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Possible Duplicate:
Casting List<T> - covariance/contravariance problem

I have classes defined as below

public abstract class AbstractDType  
{  
     protected abstract string Num1 { get; set; }  
     protected abstract string Num2 { get; set; }  
}

public class AD1 : AbstractDType  
{  
   public string Num1 { get;  set; }  
   public string Num2 { get;  set; }  
   public string Num3 { get; set;  }  
}  

public class AD2 : AbstractDType  
{  
   public string Num1 { get;  set; }  
   public string Num2 { get;  set; }  
   public string Num3 { get; set;  }   
}  

public abstract class DTypeStrategy  
{  
   protected virtual List<AbstractDType> GetData()  
   {  
          return new List<AD1>();  
   }    
}

I would like to return a list of PD1 (concrete type) in GetData() method. However the above code threw a casting error . List<AbstractDType> cannot be converted to List<PD1>. How do I fix this error so that I could return concrete in GetData method.

There are other derived classes that inherited from DTypeStrategy which would be implementing GetData() such as below : ( I am assuming that I'll get the same casting error here as well )

public class MyDraw : DTypeStrategy  
{  
   public override List<AbstractDType> GetData()  
   {  
          return new List <AD2>();  
   } 
}
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marked as duplicate by Lucero, Anthony Pegram, leppie, Hans Passant, thecoop May 9 '11 at 12:22

This question has been asked before and already has an answer. If those answers do not fully address your question, please ask a new question.

2 Answers 2

What is your actual goal here? If you really just want to return a list from GetData that contains AD1, you can do that:

protected virtual List<AbstractDType> GetData()  
{  
      var stuff = new List<AbstractDType>();
      stuff.Add( new AD1() );
      return stuff;
} 

But if you really want to return a list of a concrete type, then, well, you can't do that - and it points to a flaw in your design. Think of the calling code if this were possible:

public void Victim(DTypeStrategy strat)
{
    List<AbstractDType> list = strat.GetData();
    //oops, the list is actually a list<AD1>, so this throws:
    list.Add( new AD2() );
}

Ask yourself:

  • Why do I want to return a specialized list rather than one of AbstractDType?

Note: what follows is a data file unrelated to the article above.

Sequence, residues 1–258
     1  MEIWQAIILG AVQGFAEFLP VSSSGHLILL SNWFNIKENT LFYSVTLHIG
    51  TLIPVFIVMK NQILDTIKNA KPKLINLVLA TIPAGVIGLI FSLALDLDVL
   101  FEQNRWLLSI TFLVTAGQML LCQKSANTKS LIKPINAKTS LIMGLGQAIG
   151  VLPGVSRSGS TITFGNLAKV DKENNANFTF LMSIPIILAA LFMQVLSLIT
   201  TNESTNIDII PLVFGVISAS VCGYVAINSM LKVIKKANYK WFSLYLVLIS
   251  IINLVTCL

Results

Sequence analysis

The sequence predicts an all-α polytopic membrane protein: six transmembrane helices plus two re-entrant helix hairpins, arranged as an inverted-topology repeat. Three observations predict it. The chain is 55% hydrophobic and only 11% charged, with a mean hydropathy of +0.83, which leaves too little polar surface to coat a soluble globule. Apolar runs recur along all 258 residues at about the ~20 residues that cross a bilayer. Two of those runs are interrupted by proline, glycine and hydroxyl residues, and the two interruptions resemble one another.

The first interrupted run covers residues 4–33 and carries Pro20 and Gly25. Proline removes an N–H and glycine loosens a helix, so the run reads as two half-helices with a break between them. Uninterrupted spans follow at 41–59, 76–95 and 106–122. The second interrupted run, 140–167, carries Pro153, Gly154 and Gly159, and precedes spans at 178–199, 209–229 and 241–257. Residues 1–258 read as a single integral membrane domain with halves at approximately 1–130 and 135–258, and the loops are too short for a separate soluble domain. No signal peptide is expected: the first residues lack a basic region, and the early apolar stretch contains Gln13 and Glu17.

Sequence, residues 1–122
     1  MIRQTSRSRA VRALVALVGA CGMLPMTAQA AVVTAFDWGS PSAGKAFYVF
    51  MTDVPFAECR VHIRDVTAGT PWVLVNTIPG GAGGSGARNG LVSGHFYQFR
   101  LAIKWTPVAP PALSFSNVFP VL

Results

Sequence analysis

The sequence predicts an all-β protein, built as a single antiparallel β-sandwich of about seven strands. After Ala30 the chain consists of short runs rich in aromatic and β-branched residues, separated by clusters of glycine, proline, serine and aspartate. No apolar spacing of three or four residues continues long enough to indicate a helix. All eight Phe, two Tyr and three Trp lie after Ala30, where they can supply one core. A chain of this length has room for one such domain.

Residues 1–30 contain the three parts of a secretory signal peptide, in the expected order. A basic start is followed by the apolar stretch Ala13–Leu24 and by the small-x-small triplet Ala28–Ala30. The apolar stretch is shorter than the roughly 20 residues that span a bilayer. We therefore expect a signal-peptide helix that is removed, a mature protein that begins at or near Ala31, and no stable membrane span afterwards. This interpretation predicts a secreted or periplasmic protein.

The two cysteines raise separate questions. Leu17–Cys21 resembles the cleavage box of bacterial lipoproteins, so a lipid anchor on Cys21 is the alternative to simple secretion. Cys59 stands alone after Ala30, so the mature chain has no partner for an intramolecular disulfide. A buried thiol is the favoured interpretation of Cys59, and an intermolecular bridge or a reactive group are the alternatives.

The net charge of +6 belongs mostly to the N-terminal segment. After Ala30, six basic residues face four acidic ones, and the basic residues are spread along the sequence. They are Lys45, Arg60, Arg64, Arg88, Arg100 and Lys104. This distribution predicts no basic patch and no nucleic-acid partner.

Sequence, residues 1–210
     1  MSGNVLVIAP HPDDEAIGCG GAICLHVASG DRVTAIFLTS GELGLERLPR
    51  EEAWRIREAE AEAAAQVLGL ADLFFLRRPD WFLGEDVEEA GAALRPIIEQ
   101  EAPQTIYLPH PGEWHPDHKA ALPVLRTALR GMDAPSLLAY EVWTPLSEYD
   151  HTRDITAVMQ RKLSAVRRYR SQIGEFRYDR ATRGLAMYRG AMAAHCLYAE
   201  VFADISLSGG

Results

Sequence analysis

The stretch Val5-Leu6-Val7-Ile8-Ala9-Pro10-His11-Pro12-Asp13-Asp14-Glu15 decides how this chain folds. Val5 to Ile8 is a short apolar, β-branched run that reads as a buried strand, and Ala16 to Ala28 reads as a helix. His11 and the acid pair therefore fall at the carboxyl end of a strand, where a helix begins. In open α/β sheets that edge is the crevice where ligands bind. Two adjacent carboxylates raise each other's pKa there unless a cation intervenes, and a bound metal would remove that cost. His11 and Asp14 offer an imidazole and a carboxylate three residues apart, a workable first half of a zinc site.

• Why should it be a List at all, and not an IEnumerable?

If you MUST have a specialized List for some reason, use a generic method:

public class DTypeStrategy<T> where T: AbstractDType
{
    //not sure a concrete here is a good idea, but you get the point...
    public virtual List<T> GetData()
    {
       return new List<T>();
    }
}

public class MyDraw : DTypeStrategy<AD2>
{
   public override List<AD2> GetData()
   {
      return new List<AD2>();
   }
}

If you don't need a List<T>, then you can probably abuse c#'s covariant generic interfaces to do this - but again, I'd look at your design first.

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I am using Strategy Pattern to create concrete objects based on typeID. Each concrete object's GetData() method would return a specific list such as List of AD1 , AD2 or AD3. AD1, AD2 and AD3 inherited from AbstractDType. DTypeStrategy would have GetData() method with default behaviour. –  Alan B May 9 '11 at 12:05
    
@Alan B In a strategy pattern, the code calling your strategies shouldn't need to know what the concrete List GetData is returning, so the top snippet would be what you want - create the list from the abstract and add instances of subclasses to it. –  Philip Rieck May 9 '11 at 19:30

It would seem from the code you've posted that by the time you inherit DTypeStrategy you know which concrete class you want to return.

Therefore you can turn DTypeStrategy into a generic class

public abstract class DTypeStrategy <T> where T:AbstractDType  
{  
   protected abstract List<T> GetData();
}

and then this works:

public class MyDraw : DTypeStrategy <AD2> 
{  
   public override List<AD2> GetData()  
   {  
          return new List <AD2>();  
   } 
}
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